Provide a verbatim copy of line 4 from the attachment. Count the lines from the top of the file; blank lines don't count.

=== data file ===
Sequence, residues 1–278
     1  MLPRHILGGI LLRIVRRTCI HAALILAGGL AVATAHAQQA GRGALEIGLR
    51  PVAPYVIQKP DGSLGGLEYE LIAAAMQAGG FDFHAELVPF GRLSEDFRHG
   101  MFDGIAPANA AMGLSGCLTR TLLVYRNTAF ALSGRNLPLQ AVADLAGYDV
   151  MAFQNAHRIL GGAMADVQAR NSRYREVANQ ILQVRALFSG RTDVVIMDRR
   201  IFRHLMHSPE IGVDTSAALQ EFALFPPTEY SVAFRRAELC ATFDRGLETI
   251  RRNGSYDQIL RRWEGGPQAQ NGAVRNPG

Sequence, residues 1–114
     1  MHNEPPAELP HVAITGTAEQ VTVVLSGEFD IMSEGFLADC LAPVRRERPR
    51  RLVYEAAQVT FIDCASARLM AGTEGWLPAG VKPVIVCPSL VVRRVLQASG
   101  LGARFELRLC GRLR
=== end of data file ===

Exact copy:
   101  MFDGIAPANA AMGLSGCLTR TLLVYRNTAF ALSGRNLPLQ AVADLAGYDV